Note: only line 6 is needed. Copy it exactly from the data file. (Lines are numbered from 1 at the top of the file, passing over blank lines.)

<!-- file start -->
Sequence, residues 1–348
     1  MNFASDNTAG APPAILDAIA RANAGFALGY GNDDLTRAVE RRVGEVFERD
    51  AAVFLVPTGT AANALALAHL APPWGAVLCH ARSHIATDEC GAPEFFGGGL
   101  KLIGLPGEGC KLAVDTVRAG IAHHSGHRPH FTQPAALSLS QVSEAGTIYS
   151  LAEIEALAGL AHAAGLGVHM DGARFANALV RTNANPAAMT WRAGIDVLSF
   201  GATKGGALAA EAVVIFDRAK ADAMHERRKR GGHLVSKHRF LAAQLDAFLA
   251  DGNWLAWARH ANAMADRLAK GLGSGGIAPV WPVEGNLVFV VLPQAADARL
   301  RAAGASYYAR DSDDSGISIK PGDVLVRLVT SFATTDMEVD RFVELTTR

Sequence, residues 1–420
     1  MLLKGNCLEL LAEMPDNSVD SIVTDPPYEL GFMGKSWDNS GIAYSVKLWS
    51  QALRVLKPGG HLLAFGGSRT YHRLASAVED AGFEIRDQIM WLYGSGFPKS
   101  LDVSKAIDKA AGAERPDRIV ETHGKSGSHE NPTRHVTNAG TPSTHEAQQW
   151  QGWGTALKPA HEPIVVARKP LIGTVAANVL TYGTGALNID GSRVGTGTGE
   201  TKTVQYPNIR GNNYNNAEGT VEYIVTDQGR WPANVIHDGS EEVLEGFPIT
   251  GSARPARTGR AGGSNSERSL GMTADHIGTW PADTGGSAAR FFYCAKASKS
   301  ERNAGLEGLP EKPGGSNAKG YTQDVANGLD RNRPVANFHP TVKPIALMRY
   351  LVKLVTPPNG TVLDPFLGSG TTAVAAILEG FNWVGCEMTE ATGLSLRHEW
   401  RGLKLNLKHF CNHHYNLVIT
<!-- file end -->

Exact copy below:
   201  GATKGGALAA EAVVIFDRAK ADAMHERRKR GGHLVSKHRF LAAQLDAFLA